Accessibility, Sound and ADA Compliance: Accommodating the Disabled

The Americans with Disabilities Act (ADA) officially became a law on July 26, 1990 and ensures equal access and opportunity for all people with disabilities in the United States.   In the context of performing arts centers, aging audiences present the challenge of heightening accessibility to preserve loyal patron bases.  Design teams utilize various strategies to assure accessibility in new and renovated facilities.  AD is seeing a direct correlation between room acoustics and accessibility issues.  In short, making a room sound great can also make it more friendly for the disabled.

At University of Tennessee’s new Haslam Music Center, such a solution was implemented for its 400-seat recital hall.  A sunken low raked seating arrangement better allows sound to reach the audiences ears and also offers an easy egress for wheel chairs to access aisle seats at any row.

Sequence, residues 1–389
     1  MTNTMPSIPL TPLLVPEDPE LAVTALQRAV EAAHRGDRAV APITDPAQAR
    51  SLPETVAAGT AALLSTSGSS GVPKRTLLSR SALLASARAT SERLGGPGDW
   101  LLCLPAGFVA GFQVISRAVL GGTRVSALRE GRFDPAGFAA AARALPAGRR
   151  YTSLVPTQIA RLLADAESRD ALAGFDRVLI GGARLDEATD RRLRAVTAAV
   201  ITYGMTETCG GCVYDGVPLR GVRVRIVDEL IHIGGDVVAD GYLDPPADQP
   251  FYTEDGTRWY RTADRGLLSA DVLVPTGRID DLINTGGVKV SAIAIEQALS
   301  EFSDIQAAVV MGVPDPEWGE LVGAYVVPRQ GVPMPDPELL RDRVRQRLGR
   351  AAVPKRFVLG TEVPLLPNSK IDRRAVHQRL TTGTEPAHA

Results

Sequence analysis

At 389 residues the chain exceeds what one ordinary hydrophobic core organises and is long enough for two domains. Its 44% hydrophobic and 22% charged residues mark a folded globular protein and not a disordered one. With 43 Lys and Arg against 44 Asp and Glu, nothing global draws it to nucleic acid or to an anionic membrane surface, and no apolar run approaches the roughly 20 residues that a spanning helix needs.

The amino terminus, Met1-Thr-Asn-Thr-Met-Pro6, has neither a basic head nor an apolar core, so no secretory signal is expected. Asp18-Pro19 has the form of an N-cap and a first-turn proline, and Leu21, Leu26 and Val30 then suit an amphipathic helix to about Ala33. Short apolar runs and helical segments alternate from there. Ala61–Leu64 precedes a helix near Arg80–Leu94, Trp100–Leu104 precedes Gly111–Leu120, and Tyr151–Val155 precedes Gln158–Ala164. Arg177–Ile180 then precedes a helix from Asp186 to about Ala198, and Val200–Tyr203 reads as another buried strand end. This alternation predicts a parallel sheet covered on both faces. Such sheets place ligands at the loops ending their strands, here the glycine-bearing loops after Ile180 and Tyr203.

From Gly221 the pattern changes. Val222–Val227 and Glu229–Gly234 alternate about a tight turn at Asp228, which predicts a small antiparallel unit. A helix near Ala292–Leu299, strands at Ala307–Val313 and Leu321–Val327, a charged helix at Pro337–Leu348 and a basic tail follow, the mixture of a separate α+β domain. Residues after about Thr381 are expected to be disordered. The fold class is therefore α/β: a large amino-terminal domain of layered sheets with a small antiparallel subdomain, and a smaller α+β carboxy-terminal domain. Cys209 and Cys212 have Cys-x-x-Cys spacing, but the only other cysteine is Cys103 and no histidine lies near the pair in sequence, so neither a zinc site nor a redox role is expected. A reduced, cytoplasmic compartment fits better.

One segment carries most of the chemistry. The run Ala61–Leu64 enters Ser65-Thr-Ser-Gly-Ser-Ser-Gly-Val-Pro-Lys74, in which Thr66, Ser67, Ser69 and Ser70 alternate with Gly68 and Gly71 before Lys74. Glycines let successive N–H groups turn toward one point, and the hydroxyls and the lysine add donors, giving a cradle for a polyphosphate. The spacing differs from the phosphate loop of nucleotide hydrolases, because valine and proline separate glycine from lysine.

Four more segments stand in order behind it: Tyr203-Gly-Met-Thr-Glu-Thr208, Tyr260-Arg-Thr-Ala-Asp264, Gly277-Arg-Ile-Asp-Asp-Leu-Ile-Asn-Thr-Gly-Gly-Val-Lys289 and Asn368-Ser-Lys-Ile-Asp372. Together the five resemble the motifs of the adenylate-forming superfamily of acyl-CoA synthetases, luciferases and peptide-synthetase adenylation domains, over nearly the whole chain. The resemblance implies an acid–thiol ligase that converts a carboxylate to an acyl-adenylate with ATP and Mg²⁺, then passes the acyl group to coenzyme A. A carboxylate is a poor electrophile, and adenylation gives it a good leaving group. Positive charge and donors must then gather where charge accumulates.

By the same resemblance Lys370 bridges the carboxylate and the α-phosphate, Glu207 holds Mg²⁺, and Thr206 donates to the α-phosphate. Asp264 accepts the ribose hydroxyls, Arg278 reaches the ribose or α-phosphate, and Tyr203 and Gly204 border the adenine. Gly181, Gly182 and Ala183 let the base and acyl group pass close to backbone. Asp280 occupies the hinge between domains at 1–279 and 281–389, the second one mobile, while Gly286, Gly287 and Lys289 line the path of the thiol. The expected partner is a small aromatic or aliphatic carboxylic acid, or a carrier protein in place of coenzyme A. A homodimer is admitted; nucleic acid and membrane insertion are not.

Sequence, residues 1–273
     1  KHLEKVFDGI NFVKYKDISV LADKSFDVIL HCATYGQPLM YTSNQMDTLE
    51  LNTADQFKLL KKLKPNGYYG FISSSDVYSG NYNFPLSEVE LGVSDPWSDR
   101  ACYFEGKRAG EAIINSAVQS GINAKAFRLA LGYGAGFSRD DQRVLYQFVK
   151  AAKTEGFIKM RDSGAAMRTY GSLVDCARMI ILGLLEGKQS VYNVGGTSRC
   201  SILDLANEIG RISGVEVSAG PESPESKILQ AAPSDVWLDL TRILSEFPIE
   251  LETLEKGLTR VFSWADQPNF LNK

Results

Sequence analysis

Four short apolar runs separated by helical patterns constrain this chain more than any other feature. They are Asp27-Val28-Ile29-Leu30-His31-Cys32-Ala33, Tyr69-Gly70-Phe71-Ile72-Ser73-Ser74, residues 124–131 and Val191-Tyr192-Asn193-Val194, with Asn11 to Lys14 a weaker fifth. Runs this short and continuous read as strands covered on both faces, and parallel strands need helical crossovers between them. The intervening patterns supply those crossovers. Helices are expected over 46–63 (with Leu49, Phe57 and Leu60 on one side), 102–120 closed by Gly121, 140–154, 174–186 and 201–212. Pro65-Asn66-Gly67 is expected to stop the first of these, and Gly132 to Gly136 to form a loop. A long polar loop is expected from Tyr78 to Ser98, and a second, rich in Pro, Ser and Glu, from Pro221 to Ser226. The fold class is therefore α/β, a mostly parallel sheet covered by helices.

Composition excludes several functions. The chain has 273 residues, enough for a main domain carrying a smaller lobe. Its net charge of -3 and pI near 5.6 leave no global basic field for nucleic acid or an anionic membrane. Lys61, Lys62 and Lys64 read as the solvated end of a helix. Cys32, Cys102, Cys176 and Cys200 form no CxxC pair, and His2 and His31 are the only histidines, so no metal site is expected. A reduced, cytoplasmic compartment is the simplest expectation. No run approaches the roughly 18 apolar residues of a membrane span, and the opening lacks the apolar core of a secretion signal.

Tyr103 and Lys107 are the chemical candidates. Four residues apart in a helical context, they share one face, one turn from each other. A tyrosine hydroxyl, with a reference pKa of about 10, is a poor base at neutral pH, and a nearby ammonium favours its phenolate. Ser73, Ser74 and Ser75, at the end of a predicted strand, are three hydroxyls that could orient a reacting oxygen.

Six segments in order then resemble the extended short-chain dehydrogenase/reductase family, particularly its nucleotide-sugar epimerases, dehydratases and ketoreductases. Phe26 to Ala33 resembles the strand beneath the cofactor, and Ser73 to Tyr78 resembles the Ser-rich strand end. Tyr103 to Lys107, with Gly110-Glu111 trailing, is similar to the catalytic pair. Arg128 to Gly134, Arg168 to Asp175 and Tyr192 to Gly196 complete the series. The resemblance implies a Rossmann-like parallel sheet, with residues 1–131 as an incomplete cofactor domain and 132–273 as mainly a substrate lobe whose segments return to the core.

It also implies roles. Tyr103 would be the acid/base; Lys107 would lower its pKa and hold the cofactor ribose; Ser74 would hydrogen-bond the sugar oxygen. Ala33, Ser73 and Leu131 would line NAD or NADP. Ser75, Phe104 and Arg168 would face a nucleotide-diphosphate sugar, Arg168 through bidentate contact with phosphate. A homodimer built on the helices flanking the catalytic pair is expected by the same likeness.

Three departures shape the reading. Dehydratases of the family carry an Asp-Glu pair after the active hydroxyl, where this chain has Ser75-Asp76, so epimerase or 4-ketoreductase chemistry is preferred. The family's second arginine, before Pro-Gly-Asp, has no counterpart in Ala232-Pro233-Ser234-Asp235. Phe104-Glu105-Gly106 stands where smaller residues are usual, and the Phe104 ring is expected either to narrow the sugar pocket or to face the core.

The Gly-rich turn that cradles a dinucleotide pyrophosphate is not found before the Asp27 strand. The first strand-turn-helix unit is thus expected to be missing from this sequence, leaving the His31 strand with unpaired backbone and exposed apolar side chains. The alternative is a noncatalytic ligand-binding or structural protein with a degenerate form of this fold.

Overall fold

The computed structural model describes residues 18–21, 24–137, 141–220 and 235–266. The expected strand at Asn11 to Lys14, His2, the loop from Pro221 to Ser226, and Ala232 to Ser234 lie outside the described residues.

Seating configuration with additional capacity along hall sides on the same level as the performance platform offers enhanced vantage point for audience members to connect aurally and visually with musicians.  This area also accommodates easy access to the platform in the event that someone is called from the house to the stage to receive an award.  These side aisles also allow for flexibility in seating with the use of non-fixed seats.  Chairs can be twisted and configured to suit a viewer’s comfort or removed to accommodate additional wheelchairs.

Performance technologies include features to serve those with hearing and vision disabilities.

Renovated historic spaces offer terrific natural acoustics but problematic accessibility factors.  Products are now available to help achieve accessibility without the burden of excessive construction costs.  One such product is a stairway that morphs to a wheel chair lift.

In the end, barriers that once presented challenges for disabled people to enjoy live performances are dissipating.  Now, greater diversity and inclusion can characterize the collective experience. 

Read about the Haslam Music Center project…

University of Tennessee